July 4th will be the three-year anniversary of Ribbonfarm. I normally celebrate with a retrospective-plus-roundup, but this year, I thought I’d do something different. I am not entirely sure what you guys get out of my writing, but for me, the act of writing this blog has clarified, reinforced and (for better or worse) hardened a certain philosophy of life. This philosophy is a set of coupled choices on a set of either/or spectra. The best visualization I could come up with is something I call the philosopher’s abacus. Here’s a picture (feel free to share, pass along etc.)
I believe the abacus represents fundamental genetic constraints that define a life-philosophy design space. I believe it is nearly impossible for humans to transcend the abacus. Let me explain how it works.
How the Abacus Works
I share with Lord Kelvin an inability to visualize ideas except in the form of mechanical models. The abacus is a set of spring-linked beads on a curved wire frame. If you move all the beads to one end or the other, you get a set of relaxed springs: there is no internal tension or conflict to manage. If you choose any other configuration, the effort it will take to maintain that philosophical stance is proportional to how much you stretch the springs.
I am reluctant to label the left and right sides, but I suppose you could call them “manic-depressive truth-seeking” and “deluded happiness-seeking.” The left is creative-destructive, cat-like, Nietzchean, Dionysian, Taoist and Saivite. The right is preservation-focused, dog-like, Aristotlean, Apollonian, Confucian and Vaisnavite. The great divide I am trying to capture has occupied philosophers, comedians, bureaucrats and dictators of all ages, so there is very little original here.
Rather satisfying to me is the fact that I feel comfortable classifying, towards the right, anyone who claims the abacus can be transcended. So from where I stand, towards the left (the picture roughly reflects my own position), the abacus is unfalsifiable, and therefore self-contradictory, since it could be metaphysically delusional. It also makes me doctrinaire, and incapable of listening seriously to the abacus-rightists. I have spent a couple of decades trying earnestly to be open-minded, and am starting to enjoy being close-minded, hidebound and narrow for a change. I suppose I’ll be among those headed for the guillotine when the revolution comes.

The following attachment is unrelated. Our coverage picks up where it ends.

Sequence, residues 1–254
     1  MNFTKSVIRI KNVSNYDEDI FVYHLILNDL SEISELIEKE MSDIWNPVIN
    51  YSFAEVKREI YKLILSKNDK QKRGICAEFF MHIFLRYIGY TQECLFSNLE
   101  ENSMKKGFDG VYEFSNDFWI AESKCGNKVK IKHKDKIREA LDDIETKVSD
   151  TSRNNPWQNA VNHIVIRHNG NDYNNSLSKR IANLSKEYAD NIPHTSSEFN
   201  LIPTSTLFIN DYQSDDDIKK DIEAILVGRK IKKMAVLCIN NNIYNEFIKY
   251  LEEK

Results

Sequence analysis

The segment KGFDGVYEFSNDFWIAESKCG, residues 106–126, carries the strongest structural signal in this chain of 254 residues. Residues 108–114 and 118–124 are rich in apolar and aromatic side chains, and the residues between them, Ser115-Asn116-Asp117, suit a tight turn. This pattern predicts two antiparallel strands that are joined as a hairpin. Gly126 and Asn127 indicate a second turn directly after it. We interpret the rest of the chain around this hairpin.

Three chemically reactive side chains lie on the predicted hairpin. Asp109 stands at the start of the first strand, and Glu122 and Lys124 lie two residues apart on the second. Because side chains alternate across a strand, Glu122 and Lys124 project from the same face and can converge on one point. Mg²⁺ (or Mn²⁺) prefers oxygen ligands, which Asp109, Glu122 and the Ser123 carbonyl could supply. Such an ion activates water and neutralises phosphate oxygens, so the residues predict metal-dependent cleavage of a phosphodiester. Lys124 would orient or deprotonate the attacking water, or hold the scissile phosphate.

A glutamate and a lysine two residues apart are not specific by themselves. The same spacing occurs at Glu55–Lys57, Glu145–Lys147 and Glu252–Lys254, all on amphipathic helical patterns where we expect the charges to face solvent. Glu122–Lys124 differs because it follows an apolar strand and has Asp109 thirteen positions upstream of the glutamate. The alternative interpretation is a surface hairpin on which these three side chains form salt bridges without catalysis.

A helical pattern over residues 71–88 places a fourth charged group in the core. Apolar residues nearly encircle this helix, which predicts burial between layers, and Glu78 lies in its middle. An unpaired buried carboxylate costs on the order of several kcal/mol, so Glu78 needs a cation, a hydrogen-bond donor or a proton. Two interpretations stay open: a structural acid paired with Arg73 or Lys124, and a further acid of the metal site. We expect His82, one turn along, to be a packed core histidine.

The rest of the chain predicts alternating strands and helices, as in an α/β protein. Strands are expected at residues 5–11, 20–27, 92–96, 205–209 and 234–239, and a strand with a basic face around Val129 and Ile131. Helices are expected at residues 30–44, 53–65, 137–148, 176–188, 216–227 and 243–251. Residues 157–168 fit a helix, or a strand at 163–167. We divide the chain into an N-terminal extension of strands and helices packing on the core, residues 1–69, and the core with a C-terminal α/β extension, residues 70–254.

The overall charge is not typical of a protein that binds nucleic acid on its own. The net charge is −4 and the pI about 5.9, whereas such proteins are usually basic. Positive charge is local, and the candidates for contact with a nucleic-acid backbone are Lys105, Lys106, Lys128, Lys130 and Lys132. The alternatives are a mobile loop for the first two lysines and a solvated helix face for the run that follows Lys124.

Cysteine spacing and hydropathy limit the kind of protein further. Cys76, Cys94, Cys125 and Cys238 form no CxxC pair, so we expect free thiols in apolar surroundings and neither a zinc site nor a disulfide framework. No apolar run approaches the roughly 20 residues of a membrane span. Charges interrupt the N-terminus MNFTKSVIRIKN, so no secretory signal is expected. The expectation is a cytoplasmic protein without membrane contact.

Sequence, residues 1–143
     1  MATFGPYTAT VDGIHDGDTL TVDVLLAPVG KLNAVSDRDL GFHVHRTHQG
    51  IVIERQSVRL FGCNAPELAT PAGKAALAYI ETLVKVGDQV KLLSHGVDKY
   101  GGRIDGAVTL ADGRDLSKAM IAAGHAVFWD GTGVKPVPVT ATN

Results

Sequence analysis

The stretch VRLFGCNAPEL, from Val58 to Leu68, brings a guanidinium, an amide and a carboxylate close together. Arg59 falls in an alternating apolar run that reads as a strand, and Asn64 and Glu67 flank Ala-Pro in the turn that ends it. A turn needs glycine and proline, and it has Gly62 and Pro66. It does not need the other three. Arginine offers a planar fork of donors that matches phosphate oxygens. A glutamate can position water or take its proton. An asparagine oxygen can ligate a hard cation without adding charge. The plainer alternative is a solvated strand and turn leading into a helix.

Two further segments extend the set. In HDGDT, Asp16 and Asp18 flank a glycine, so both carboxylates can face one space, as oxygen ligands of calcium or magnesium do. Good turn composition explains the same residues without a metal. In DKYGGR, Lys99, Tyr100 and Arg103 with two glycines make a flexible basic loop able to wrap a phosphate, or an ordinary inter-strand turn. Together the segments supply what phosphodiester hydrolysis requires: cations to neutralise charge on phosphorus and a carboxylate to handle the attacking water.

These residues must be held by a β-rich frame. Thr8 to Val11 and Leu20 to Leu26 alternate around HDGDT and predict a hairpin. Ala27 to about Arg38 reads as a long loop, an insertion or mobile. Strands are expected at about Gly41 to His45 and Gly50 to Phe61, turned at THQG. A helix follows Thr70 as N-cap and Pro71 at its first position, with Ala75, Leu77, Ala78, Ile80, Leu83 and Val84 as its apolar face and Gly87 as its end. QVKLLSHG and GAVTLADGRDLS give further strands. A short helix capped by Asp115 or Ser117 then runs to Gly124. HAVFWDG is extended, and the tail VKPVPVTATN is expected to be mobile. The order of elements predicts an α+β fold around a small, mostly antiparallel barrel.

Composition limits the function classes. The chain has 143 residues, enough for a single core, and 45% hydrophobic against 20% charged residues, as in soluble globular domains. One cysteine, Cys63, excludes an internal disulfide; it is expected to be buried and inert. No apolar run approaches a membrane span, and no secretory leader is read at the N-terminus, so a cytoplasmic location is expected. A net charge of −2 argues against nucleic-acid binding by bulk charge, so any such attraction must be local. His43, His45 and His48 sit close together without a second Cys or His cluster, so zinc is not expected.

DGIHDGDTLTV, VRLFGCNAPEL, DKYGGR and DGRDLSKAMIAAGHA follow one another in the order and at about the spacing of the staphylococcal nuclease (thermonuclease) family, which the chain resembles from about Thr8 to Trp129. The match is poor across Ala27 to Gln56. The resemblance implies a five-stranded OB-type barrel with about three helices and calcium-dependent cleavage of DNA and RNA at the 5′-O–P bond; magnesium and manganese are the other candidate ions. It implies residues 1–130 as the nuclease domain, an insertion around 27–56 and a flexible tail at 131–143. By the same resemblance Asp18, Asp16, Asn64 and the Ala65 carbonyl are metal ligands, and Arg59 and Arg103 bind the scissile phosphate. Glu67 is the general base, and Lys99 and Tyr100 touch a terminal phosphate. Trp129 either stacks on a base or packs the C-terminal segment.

By the way, right and left here refer to the abacus drawing. The political right/left divide does not correlate at all to this picture. I have met both Democrats and Republicans who are abacus-left and abacus-right.
Where does the abacus come from? I believe it comes from genetics. Darwinism manifests itself in human behavior as an uneasy balance between our social natures and our competitive natures. Everything we do comes down to it. Genetics even drives our philosophical imagination. I know a lot of you will itch to challenge both this foundational premise and the specific ideas I have baked into the abacus visualization. The idea that truth and happiness are fundamentally opposed, and that happiness rests on a foundation of delusion, is a position that a lot of people will strongly object to. But let’s not have that argument on the Ribbonfarm birthday week, okay? I have written, and continue to write, in defense of this picture. This whole blog is in a sense an ongoing defense of this picture. So we can continue the arguments as we go along (the next Gervais Principle piece is going to be about this stuff in particular).